NEW YORK (AP) — The company tasked with locking up the assets of failed cryptocurrency exchange FTX says it has managed to recover and secure $740 million in assets so far, a fraction of the potentially billions of dollars likely missing from the company’s coffers .
The figures were revealed Wednesday in court documents from FTX, which hired cryptocurrency custody company BitGo hours after FTX filed for bankruptcy on Nov. 11.
The biggest worry for many of FTX’s customers is that they will never see their money again. FTX failed because founder and former CEO Sam Bankman-Fried and his lieutenants used client funds to invest in FTX’s closely related trading firm, Alameda Research. Bankman-Fried was reportedly seeking over $8 billion from new investors to repair the company’s balance sheet.
Bankman-Fried “proved that there is no such thing as a ‘safe’ conflict of interest,” BitGo CEO Mike Belshe said in an email.
The figure of 740 million dollars is from 16 November. BitGo estimates that the amount of recovered and secured assets is likely to have risen above $1 billion since that date.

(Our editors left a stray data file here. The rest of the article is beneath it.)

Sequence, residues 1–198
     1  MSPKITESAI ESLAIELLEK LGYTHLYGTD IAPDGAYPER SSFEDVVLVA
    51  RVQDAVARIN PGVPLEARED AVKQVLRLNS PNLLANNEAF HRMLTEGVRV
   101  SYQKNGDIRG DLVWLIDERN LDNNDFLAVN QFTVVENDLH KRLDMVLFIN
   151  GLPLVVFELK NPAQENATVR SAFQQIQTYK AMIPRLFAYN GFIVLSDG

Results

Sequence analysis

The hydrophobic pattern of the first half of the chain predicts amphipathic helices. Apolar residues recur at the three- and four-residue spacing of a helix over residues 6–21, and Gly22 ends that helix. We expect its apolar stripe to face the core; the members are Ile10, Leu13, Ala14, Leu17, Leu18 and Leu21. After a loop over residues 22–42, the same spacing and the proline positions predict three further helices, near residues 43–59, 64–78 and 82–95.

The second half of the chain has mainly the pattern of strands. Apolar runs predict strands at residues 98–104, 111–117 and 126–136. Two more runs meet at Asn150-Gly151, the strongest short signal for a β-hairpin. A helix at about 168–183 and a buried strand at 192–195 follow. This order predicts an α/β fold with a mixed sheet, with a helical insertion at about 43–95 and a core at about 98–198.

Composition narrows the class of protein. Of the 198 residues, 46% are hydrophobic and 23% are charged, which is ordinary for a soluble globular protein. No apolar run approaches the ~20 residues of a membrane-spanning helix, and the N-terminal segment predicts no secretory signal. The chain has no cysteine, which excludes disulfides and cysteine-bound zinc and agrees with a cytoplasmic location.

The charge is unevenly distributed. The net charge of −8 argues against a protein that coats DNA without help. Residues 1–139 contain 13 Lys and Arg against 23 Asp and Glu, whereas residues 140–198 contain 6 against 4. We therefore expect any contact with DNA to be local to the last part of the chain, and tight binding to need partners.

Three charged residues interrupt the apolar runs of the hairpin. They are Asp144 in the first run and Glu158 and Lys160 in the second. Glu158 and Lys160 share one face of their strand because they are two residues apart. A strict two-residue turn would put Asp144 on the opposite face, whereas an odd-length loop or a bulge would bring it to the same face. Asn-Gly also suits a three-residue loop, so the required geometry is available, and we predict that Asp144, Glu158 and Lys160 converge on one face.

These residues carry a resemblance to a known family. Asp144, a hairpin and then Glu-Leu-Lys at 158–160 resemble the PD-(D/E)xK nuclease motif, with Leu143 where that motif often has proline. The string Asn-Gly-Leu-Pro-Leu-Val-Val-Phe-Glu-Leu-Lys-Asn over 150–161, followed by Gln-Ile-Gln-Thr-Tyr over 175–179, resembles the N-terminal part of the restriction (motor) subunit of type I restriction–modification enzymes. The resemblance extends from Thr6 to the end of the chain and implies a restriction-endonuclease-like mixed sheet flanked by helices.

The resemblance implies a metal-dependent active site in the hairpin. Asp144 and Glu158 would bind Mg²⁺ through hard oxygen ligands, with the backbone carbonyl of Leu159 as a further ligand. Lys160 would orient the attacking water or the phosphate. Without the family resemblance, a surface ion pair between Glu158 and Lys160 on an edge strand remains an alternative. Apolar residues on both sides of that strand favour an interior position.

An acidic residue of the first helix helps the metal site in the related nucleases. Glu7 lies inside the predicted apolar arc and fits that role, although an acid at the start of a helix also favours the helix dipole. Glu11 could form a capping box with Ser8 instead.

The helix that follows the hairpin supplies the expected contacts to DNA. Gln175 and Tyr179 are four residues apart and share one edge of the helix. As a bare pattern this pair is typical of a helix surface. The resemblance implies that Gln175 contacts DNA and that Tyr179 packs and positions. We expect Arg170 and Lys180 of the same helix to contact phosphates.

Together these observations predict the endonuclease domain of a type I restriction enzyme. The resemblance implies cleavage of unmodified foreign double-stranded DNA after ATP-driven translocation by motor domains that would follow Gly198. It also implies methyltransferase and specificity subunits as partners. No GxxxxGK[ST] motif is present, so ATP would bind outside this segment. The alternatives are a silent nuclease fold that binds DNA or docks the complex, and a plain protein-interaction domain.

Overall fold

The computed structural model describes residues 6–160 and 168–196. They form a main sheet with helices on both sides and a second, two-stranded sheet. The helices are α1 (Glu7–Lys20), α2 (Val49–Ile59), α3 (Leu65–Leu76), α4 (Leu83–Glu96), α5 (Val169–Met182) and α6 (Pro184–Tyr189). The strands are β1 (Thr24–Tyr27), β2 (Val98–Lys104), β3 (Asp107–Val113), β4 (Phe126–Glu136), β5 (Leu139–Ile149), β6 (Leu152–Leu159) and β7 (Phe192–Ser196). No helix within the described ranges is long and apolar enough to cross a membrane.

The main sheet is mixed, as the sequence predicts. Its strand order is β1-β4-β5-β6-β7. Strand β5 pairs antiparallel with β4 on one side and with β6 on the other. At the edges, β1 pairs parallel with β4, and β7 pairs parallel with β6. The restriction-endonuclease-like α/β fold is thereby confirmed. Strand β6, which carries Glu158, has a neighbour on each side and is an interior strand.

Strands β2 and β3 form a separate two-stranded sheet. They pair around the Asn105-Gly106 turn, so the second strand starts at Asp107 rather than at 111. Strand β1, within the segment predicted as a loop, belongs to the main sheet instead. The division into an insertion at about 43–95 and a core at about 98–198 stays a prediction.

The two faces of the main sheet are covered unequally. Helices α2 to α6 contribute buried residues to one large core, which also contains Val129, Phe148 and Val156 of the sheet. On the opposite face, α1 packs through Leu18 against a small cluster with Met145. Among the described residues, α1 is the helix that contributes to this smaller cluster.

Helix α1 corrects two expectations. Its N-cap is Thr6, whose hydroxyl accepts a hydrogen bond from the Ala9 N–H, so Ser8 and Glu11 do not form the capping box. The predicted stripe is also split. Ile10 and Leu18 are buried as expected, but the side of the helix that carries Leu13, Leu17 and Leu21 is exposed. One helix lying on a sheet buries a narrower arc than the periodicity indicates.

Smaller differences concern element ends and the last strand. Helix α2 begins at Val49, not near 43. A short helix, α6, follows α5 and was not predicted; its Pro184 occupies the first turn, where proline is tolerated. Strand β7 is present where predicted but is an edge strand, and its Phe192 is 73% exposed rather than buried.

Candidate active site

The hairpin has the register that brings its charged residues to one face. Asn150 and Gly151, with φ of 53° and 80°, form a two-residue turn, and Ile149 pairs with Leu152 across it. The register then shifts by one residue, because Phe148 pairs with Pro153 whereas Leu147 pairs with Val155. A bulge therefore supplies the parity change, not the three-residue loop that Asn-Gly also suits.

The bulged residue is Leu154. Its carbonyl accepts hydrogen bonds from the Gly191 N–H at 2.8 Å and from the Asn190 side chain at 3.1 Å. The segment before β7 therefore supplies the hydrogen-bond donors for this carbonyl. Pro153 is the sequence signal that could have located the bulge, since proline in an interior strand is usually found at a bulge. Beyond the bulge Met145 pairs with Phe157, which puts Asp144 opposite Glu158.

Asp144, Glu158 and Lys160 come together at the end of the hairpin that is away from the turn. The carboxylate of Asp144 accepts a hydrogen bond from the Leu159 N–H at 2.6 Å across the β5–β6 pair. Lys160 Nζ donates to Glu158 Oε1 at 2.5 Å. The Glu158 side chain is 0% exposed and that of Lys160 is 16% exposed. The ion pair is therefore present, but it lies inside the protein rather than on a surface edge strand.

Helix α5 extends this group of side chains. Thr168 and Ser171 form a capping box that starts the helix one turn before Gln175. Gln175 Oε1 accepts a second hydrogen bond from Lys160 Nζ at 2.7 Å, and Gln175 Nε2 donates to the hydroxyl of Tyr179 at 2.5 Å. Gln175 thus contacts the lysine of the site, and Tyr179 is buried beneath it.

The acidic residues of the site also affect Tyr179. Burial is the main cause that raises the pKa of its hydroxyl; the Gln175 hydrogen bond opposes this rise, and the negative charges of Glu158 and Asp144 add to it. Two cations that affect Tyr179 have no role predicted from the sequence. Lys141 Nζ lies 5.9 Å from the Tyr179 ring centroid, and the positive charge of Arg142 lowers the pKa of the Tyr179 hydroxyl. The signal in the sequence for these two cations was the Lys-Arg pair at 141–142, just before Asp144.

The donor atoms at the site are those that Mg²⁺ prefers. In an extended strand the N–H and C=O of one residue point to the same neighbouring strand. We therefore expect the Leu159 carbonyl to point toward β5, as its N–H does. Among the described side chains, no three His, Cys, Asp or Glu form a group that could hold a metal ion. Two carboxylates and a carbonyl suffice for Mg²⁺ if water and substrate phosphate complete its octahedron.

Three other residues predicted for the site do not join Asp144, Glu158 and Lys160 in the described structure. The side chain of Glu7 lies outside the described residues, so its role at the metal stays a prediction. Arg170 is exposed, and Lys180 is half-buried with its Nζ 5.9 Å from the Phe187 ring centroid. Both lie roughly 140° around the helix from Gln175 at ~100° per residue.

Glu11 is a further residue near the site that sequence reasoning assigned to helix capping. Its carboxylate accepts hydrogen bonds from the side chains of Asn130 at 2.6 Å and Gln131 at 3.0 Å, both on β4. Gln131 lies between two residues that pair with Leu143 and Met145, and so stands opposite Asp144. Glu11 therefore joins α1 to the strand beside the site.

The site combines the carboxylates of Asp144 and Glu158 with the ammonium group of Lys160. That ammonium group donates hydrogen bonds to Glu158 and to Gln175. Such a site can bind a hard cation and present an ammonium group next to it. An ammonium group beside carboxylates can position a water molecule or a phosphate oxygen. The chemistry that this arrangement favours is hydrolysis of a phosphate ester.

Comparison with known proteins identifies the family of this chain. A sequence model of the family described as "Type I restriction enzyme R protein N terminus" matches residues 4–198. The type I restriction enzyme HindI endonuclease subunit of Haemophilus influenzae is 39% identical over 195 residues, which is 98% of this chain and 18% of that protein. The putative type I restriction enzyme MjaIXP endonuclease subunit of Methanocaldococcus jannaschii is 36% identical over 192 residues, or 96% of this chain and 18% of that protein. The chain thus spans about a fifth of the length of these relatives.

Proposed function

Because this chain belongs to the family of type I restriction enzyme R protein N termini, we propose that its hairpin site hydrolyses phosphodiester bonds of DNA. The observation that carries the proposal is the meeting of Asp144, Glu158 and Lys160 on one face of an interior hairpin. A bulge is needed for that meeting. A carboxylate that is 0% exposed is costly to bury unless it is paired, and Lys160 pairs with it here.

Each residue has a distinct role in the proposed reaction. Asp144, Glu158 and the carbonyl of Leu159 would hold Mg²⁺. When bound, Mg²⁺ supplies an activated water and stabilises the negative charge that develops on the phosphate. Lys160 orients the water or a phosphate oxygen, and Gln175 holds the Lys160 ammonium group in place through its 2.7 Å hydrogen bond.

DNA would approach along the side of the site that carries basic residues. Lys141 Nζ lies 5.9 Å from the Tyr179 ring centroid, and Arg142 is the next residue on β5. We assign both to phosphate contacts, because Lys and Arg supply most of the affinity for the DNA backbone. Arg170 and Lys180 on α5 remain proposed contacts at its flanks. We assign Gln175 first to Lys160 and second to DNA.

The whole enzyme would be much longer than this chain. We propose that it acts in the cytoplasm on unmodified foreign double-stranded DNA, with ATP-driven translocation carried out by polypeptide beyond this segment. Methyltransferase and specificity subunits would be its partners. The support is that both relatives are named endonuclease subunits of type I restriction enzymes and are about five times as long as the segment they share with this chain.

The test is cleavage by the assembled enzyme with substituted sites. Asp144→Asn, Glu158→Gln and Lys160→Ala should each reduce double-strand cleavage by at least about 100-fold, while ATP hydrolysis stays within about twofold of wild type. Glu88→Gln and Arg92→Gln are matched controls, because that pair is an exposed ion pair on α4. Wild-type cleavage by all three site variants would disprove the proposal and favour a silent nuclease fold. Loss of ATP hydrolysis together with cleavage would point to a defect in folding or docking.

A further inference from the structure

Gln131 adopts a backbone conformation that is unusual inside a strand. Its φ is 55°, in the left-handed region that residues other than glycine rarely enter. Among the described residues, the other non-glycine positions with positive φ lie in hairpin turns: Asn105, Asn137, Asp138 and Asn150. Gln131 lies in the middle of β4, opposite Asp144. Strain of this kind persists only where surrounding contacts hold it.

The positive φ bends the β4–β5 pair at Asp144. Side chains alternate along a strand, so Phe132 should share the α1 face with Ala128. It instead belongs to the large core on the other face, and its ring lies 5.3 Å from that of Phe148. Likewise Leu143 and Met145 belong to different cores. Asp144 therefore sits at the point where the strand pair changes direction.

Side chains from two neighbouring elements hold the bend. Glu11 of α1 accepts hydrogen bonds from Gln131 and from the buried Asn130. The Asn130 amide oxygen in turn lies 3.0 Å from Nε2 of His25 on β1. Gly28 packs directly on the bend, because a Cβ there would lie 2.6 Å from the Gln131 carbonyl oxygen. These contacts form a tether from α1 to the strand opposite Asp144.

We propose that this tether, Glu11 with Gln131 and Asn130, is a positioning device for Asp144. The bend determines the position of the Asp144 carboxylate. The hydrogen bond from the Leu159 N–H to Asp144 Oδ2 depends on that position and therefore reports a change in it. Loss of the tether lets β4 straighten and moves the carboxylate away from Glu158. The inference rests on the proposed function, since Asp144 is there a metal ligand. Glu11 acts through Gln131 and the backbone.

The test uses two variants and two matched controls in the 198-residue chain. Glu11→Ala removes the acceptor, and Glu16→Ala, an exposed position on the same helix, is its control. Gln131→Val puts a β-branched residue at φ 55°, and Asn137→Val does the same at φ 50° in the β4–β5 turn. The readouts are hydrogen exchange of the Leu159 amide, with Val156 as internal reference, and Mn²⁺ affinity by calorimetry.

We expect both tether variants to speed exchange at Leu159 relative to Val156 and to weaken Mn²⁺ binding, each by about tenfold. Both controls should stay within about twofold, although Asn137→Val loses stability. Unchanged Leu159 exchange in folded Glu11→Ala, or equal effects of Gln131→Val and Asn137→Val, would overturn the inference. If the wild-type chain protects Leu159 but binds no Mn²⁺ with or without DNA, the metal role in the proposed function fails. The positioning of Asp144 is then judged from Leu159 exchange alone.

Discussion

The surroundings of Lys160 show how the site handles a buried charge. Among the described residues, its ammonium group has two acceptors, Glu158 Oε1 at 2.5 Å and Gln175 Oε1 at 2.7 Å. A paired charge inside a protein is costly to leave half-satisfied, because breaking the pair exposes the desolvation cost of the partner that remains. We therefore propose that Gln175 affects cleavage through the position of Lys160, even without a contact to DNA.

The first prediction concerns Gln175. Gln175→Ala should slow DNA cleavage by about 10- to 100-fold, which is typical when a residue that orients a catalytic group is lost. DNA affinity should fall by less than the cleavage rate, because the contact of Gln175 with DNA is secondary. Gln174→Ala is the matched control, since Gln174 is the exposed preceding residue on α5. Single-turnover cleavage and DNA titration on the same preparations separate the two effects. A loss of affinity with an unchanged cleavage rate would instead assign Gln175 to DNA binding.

The assets recovered by BitGo are now locked in South Dakota in what is known as “cold storage,” meaning they are cryptocurrencies stored on hard drives that are not connected to the internet. BitGo offers what are known as “qualified custodial services” under South Dakota law. It’s basically the crypto equivalent of a financial custodian, offering segregated accounts and other security services to lock digital assets.
Several crypto companies have failed this year as bitcoin and other digital currencies have collapsed in value. FTX failed in what was perceived as the crypto equivalent of a bank run, and early investigations have found that FTX employees were commingling assets held for clients with assets they invested.
“Trade, financing and custody must be different,” Belshe said.
The assets recovered include not only bitcoin and ethereum, but also a collection of smaller cryptocurrencies that vary in popularity and value, such as the shiba inu coin.
California-based BitGo has a history of recovering and securing assets. The company was tasked with securing assets after cryptocurrency exchange Mt. Gox failed in 2014. It is also the custodian of the assets held by the government of El Salvador as part of the country’s experiment in using bitcoin as legal tender.
FTX pays Bitgo $5 million and $100,000 a month for its services.